The more rational Leave voters are now on social media saying, “Look we know things are difficult at the moment: the pound is the lowest it’s been for 31 years, the Prime Minister has resigned, the opposition are collapsing and racism is back but if we work together we can make this work for us” yet they weren’t willing to apply to the same philosophy to the EU. They choose division and now want everyone united to steer us through this turbulent time. Even the most confident Leave voter must be slightly unnerved as they watch Gove and Boris squirming as they explain that no, Brexit won’t mean exactly what we told you it would mean. Immigration won’t end and the NHS won’t see any of that money. Oh and the most terrifying truth of all – there is no plan for what happens next. Nothing. Nada.

They’ve taken back control of our country. Yet, as I suspected, they have absolutely no idea what to do with it.

Let’s make Britain great – not Great.

Britain

There must be a PR mastermind working in the Vote Leave camp because “Let’s make Britain Great again!” is a very strong slogan. It sounds good, doesn’t it? So powerful, so positive so…  just great. However, what has become increasingly clear over the last few weeks is that it is JUST a slogan because what hasn’t been made clear by the Leave campaign is in what way we will be “great” if we leave the EU.

Great is a term being used by Gove, Farage and Johnson to evoke images of a Britain that simply does not exist anymore, if it ever did. It creates feelings of nostalgia for a life that never really existed and never could. For some that life is the white picket fence days when people were friends with their neighbours, children played in the street, everybody knew your name at the local and there was all the cricket. For others, it’s the days when Britain was free to take anyone’s land and resources in the name of the “Empire”. And for a small, bigoted, but growing group of Leave voters “Great Britain” simply means “more white”. Don’t get me wrong, it is not fair or helpful to say that all Brexiters are racist- far from it- but to paraphrase Billy Bragg: all racists will vote to leave.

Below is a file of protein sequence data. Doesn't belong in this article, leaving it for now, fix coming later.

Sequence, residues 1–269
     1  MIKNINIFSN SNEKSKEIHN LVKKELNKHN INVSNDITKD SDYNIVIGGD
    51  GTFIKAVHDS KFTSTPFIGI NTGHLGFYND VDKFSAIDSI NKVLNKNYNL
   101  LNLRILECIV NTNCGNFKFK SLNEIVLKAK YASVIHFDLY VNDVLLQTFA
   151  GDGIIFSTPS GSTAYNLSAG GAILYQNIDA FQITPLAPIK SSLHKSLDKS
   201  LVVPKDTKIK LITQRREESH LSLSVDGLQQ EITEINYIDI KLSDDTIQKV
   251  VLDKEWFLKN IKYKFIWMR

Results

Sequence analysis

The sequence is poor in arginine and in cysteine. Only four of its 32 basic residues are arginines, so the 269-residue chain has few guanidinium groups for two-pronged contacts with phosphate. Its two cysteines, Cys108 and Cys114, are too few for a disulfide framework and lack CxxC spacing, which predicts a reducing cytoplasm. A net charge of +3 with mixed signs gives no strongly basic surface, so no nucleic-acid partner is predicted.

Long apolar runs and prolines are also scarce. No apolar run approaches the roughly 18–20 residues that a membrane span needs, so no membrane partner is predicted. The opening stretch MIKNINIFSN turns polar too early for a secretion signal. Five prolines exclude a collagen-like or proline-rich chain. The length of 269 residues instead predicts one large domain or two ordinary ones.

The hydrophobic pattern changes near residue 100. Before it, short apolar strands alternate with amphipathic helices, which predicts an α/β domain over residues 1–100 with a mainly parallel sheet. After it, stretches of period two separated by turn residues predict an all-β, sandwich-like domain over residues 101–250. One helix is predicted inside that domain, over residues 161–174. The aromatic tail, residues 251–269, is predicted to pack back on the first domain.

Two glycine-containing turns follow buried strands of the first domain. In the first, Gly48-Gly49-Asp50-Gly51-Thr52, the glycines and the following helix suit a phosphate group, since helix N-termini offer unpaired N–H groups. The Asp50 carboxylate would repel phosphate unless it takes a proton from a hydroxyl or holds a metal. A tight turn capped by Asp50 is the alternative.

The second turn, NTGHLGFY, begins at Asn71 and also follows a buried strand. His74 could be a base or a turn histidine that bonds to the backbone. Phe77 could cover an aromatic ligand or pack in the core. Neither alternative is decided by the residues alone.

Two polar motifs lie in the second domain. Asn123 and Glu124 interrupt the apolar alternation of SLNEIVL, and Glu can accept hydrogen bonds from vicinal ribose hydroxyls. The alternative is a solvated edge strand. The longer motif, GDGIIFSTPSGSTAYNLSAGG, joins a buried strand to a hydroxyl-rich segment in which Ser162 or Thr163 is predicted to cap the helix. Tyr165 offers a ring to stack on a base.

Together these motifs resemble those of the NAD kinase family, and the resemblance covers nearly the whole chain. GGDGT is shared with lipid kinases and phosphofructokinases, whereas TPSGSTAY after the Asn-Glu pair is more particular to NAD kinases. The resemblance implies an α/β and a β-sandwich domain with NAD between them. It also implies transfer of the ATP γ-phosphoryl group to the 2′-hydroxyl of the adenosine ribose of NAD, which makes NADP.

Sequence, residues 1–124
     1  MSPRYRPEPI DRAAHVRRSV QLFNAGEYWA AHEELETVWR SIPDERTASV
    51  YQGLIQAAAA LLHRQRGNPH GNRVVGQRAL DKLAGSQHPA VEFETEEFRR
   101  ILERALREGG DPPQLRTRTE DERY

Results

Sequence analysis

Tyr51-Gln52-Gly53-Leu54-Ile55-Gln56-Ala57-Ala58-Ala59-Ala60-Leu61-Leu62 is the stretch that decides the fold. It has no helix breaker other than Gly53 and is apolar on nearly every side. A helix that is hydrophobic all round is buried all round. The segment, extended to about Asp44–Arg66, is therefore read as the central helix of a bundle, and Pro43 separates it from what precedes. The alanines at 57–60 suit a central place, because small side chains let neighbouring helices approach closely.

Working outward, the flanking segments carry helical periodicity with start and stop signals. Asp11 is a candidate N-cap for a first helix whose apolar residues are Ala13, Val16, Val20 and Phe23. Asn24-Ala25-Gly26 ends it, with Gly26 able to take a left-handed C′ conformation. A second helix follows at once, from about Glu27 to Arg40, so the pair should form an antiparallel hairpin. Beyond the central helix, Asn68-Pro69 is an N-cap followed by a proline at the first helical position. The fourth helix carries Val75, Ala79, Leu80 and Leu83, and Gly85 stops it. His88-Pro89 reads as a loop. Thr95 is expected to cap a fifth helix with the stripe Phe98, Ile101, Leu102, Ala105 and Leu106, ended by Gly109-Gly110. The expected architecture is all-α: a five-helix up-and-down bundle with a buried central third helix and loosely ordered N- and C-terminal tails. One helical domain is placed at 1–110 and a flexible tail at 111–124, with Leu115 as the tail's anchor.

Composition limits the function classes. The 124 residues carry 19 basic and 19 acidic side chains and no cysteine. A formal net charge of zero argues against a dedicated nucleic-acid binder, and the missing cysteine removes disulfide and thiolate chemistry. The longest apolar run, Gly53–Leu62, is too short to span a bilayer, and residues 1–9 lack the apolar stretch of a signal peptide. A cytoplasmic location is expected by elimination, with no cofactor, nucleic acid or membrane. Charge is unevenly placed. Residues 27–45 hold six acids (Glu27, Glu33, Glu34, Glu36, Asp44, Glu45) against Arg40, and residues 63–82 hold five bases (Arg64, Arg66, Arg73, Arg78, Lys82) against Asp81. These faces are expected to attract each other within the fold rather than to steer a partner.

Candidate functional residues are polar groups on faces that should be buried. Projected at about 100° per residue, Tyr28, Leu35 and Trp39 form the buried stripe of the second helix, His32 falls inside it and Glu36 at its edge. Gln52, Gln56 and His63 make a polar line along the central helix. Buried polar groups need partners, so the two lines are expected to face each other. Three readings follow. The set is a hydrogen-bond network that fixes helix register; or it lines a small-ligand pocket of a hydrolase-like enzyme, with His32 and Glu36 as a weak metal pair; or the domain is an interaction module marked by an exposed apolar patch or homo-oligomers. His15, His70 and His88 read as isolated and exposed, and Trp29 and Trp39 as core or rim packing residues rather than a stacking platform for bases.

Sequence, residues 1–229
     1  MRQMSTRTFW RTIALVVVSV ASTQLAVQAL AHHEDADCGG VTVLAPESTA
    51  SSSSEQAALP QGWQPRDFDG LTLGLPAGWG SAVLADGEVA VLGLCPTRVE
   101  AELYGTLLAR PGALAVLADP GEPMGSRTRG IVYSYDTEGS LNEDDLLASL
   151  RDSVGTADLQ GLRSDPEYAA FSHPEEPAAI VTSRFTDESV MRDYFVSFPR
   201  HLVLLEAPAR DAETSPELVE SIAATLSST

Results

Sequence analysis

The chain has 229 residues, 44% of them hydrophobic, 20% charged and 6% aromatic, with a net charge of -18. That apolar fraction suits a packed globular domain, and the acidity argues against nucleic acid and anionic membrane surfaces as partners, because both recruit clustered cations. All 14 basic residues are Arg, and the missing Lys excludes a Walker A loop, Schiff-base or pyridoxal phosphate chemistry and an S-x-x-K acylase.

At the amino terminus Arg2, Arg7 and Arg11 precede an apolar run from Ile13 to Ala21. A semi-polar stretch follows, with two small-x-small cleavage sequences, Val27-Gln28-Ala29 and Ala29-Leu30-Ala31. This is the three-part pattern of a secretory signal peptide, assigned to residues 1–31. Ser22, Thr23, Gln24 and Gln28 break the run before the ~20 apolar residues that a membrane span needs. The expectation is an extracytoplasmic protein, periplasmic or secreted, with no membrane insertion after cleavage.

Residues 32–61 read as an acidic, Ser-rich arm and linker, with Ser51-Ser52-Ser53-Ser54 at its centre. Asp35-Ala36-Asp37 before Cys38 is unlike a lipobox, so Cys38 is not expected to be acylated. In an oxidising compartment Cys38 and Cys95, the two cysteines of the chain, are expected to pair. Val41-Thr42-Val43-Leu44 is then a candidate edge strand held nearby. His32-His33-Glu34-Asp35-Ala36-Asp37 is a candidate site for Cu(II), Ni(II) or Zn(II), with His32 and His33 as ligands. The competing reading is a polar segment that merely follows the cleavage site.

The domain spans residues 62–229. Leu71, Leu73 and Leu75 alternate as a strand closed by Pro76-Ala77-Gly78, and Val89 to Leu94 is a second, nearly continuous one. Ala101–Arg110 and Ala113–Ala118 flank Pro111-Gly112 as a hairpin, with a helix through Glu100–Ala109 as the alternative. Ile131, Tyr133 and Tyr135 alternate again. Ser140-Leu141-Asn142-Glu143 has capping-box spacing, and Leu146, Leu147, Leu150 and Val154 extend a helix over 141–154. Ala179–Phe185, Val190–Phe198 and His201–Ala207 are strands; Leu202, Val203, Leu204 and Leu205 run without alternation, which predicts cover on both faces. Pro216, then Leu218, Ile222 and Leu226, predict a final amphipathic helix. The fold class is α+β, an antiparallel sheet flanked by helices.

Of course not all the arguments for leaving the EU are about immigration. Some are about democracy. Do I wish our political system were more democratic? Absolutely. Our first-past-the-post system is hugely flawed. Only 24% of those eligible to vote actually turned up and put a cross next to the Conservative candidate last May. That leaves 76% of registered voters (before you even consider the rest) with a government they haven’t chosen.  This is more worrying to me than the fact that the Prime Minister gets to choose the EU commissioners.  I would accept the democracy argument had I met a Leave voter who was equally passionate about electoral reform in the UK and who also opposed the Head of State and the House of Lords being unelected.

It is an understatement to say that I am incredibly worried about the mood of the country, from the behaviour of the far-right hooligans singing xenophobic chants in France to the meteoric rise of Nigel Farage and his thinly-veiled racism. The fact that UKIP are no longer a party to be ridiculed but a prospect to be feared is mind blowing to me. How have we let this happen? Fear is winning and it’s breeding hate. Alongside that, there’s the arrogance that of COURSE we’ll be able to negotiate better deals for ourselves once we’re out the EU because we’re Britain- we’re great – who wouldn’t want to work with us after we’ve left in a strop?  To the rest of Europe, we must look like a petulant teenager screaming “I’m leaving! You can’t tell me what to do!” whilst the EU quietly recommend air pollution regulations that could save our lives. I’ve never been particularly patriotic but at the moment I feel embarrassed about that fact I’m British. I don’t want to have to make the choice but, if forced to, I’ll choose being an EU citizen over being a British one.